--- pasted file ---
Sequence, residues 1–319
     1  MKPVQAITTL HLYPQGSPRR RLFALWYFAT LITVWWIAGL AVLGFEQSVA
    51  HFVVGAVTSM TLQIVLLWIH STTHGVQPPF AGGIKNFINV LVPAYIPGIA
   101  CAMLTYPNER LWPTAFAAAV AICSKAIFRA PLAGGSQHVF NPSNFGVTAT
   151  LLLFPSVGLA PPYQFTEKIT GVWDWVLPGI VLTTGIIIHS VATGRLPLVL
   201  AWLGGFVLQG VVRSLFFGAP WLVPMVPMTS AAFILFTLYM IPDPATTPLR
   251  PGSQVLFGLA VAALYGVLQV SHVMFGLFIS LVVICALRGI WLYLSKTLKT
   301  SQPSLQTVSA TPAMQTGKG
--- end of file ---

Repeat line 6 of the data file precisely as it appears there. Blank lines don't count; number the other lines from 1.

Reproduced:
   201  AWLGGFVLQG VVRSLFFGAP WLVPMVPMTS AAFILFTLYM IPDPATTPLR